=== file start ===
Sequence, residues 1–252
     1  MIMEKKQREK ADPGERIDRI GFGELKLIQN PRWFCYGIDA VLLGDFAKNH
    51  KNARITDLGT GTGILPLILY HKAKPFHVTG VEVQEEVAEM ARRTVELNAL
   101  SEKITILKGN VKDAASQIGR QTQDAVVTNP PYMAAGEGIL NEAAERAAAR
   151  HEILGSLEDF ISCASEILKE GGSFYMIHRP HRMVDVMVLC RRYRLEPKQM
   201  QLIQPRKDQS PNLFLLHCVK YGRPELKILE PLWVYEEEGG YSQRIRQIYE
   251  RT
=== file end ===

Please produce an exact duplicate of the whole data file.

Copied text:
Sequence, residues 1–252
     1  MIMEKKQREK ADPGERIDRI GFGELKLIQN PRWFCYGIDA VLLGDFAKNH
    51  KNARITDLGT GTGILPLILY HKAKPFHVTG VEVQEEVAEM ARRTVELNAL
   101  SEKITILKGN VKDAASQIGR QTQDAVVTNP PYMAAGEGIL NEAAERAAAR
   151  HEILGSLEDF ISCASEILKE GGSFYMIHRP HRMVDVMVLC RRYRLEPKQM
   201  QLIQPRKDQS PNLFLLHCVK YGRPELKILE PLWVYEEEGG YSQRIRQIYE
   251  RT